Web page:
It is unfortunate that PSUs need to be privatised for them to be able to run as commercial enterprises and make the best possible use of their assets.
In the foreword to F W Harris book Jamsetji Nusserwanji Tata: A Chronicle of His Life, J R D Tata wrote, The wealth gathered by Jamsetji Tata and his sons in half a century of industrial pioneering formed but a minute fraction of the amount by which they enriched the nation.
The whole of that wealth is held in trust for the people and used exclusively for their benefit. The cycle is thus complete; what came from the people has gone back to the people many times over.
In the Wealth of Nations, Adam Smith said being the managers of other peoples money than of their own, it cannot well be expected that they should watch over it with the same anxious vigilance with which partners in a private copartnery frequently watch over their own.
While, the simple words of J R D Tata, are central to the principles and practices of corporate governance, its very quintessence, Adam Smith, however, tells us why practising corporate governance may not be easy. We have been seeing a lot of examples of this in recent times.
A state-owned enterprise, by its very nature, should have no difficulty in practising corporate governance that is creating wealth, holding it in trust for the people, and using it exclusively for their benefit, because such an enterprise is not a private copartnery and thus does not suffer from the kind of conflict which Adam Smith talks about.
But the public perception and the reality of the level of corporate governance in the Public Sector Enterprises in India is not particularly encouraging, except in some of the Central Public Sector Enterprises (CPSEs) included in the Navratna category.
Now that the CPSE disinvestment is back on the burner and the first disinvestment after nearly five years is round the corner, it is important that a serious thought is given to the improvement of governance standards of the CPSEs.
Disinvesting a miniscule portion of shares in a CPSE, held in the name of the President of India, is only a part of the story. It will serve the governments immediate objective of getting the much needed funds to its coffers.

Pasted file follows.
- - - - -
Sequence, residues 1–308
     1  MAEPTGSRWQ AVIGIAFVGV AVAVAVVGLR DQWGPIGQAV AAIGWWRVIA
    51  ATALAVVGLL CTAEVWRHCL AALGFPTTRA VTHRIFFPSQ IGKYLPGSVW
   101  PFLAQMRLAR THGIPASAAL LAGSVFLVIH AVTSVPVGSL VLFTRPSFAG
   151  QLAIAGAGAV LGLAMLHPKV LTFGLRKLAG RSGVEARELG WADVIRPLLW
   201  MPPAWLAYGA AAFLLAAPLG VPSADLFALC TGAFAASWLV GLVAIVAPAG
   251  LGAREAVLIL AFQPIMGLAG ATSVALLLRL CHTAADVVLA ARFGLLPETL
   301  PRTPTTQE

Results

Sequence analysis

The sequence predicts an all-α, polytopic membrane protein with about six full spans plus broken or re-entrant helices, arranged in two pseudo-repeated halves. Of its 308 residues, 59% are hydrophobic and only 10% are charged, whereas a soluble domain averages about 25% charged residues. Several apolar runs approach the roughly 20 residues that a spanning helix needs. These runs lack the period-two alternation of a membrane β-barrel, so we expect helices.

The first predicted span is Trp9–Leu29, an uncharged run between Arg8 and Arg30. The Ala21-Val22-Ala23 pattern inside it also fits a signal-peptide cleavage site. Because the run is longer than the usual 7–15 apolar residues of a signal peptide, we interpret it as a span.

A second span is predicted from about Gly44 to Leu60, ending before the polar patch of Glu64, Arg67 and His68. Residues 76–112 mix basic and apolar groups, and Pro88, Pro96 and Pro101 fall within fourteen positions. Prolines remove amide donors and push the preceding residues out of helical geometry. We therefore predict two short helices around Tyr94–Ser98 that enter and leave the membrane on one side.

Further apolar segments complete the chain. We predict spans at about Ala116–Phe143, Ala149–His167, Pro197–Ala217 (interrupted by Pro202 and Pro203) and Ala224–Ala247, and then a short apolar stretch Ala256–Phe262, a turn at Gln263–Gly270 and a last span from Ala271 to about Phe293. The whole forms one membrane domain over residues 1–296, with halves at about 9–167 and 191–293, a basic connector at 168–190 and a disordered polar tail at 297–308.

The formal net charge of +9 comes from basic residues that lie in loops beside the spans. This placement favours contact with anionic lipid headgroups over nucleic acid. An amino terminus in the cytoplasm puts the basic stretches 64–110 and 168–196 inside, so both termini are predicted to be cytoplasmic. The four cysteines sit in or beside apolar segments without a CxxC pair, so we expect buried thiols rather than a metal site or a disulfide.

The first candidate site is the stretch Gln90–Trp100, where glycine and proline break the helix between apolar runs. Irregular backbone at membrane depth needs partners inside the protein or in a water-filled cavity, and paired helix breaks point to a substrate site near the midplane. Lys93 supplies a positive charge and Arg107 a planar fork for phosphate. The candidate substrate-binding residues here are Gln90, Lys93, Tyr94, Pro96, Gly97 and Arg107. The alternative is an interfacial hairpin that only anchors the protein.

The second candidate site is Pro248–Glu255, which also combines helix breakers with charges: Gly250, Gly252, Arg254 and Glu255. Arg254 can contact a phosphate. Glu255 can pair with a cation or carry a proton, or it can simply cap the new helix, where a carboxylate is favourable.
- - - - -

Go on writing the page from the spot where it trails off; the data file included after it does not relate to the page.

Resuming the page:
It will provide new investment opportunities to the investors and help increase the depth and liquidity of the stock market. But there is a greater opportunity of wealth creation for the people of India, which will be lost, if scant attention is paid to the practice of corporate governance standards at the CPSEs.
The aviation industry in India, through Air India (as well as the private airlines), is a gleaming example of what the lack of corporate governance can do to a business it can result in a faulty business strategy.
Corporate governance is not about doing well in good times, but about long-term sustainability of business through good times and bad. This truth does not dawn upon us most of the time and we blame the stars and God (in that order) for our business failures.
Corporate governance usually becomes a challenge for the CPSEs because the separation of the multiple roles of the state becomes quite difficult and the boundaries tend to blur posing greater challenges to the efficient management and accountability of such enterprises.
Pricing of products of CPSEs is one such example. Besides, as it is, the balance between economic and social goals is not always easy to achieve; continuous ministerial interference makes it much more difficult.
Consequently, the distinction between what constitutes a policy issue making ministerial engagement legitimate and those which are predominantly of commercial nature, remains opaque in many CPSEs. Decision-making thereby becomes all the more complicated. The Board of the CPSE loses the independence in decision-making.